Winemaker Studio: Nappa, not Napa December 15, 2019

http://winemaker-studio.com/

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Note the wine geeks sign, pointing to the entrance to Peconic Cellar Door, which we are also due to visit.

Anthony Nappa may have the perfect name for a winemaker, but I do wonder how often he has to explain that his name is not a reference to the famous wine region in California. In actuality, he is both the winemaker for Raphael Vineyards and for his own label, which he sells in the Winemaker Studio, a small tasting room which adjoins Peconic Cellar Door, another small label, in a shopfront adjacent to the LIRR train tracks on Peconic Lane. Like several other winemakers, he seems to enjoy making his own wines, even though his “day job” is making wine.

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Maybe some day he’ll add some comfortable seating!

According to our very knowledgeable and informative server, Nappa buys his grapes from several different vineyards, including Raphael. This year he is offering several wines made from organically grown grapes, but may not in the future, since the grower has decided to make his own wines. We were just at Raphael on December 7th, so it was interesting to compare the two places. We decided that we much prefer the styles of the wines Nappa offers under his own label. But, as we discussed with our server, taste in wine is a very personal thing, so my preferences clearly are not those of other people.

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Shared Table Farm belongs to Anthony and Sarah Nappa, who have added kimchi, honey, and jam to their wine offerings.

Our visit this year proves yet again that it is a good idea to try each year’s vintage, since wines can be quite different from harvest to harvest. This is particularly true here, since Nappa clearly likes to experiment and try varying combinations. For example, his sparkling wine, labeled Frizzante, is quite different from previous years.

A tasting consists of any five wines from a menu of twelve for $15. We consulted with our server over our choices and, power of the book, got two extra wines for an intriguing side-by-side comparison of different vintages. That turned out to be a good move, as we bought a bottle of one of the extras!

  1. NV Frizzante $20

The last time, several years ago, that we tried Nappa’s sparkling wine, it was made from pinot noir, riesling, and gewürztraminer and was a rather conventional yellow color. This time it is composed of 51% pinot noir and 49% viognier, and is an orange wine with a pleasant fizz. The aroma is somewhat vegetal—Brussels sprouts, maybe?—and yeasty. The taste is pleasantly dry, with a touch of fruitiness. I don’t know if the color is influencing my thoughts, but I think it tastes a bit like oranges, maybe kumquats. At this price, one could drink it as an everyday wine, and I think it would go well with charcuterie. (NV means non-vintage.)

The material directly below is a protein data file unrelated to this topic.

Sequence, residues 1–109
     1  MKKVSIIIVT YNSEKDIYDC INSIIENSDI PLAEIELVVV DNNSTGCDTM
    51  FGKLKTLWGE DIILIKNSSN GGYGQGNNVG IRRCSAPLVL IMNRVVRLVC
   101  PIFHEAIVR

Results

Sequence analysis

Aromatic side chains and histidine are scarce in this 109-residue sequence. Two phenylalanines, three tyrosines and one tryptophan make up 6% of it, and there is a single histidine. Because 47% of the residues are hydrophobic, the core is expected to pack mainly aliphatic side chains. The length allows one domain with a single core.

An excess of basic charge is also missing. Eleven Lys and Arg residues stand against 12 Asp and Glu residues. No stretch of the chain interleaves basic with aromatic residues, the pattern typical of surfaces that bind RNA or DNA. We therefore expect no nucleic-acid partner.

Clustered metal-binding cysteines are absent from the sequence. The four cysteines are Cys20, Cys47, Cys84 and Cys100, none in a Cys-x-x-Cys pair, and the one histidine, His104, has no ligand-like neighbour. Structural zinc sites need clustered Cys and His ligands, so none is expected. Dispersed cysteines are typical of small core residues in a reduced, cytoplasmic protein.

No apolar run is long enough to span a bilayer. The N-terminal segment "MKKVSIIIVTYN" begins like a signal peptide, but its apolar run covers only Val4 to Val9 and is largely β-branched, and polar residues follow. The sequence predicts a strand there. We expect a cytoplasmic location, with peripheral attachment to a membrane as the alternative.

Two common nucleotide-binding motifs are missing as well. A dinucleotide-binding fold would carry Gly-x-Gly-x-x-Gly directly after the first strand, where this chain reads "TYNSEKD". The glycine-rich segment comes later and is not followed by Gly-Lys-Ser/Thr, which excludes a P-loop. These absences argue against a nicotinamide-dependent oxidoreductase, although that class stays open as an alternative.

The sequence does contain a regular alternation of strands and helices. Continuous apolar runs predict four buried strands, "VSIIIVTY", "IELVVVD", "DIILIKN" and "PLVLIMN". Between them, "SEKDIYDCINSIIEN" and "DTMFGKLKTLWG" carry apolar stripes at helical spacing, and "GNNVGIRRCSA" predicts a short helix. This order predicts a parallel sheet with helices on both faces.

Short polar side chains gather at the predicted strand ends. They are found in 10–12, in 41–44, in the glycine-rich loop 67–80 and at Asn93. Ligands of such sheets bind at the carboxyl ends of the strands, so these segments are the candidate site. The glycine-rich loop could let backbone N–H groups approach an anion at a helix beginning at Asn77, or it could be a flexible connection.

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The sauvignon blanc is light in both color and taste.

  1. 2018 Sauvignon Blanc $22

This wine uses sauvignon blanc grapes from Raphael for 88%, and 12% semillon from another vineyard. The aroma is somewhat floral, unlike the Raphael sauvignon blanc, which was citrusy. This does have a tart, lemon/lime flavor, similar to Raphael’s, but is lighter in both color and flavor. It would be better with food, like a nice dish of local oysters or scallops. Alas, the scallop harvest this year is dreadful, as there was a die-off earlier in the season, when the water was too warm. Darn global climate change.

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  1. 2018 La Strega               $29

Made from organic malbec grapes, this is called the witch because malbec is notoriously difficult to deal with here. Aged mostly in steel, and only six months in French oak, this is a very light red, with fruity aromas of currents and blueberries. No tannins. When our server asks, I say I would characterize this as a red wine for white wine drinkers, and he concurs, noting that he had actually bought a bottle for someone who usually only drinks whites and she had liked it.

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  1. 2014 Quattordici Cabernet-Merlot $35

A blend of 63% merlot, 12% cabernet franc, and 25% cabernet sauvignon, this Bordeaux-style wine is quite lovely. I smell cherries, black licorice, and fruit salad, and taste black raspberries and maybe a touch of black olives. My tasting buddy disputes that last assertion, but adds that it has a “lotta fruit.” We agree on that. It has a surprisingly long finish. I could see this with a nice slice of rare leg of lamb.

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I feel like I learn so much about wine when we do one of these parallel tastings.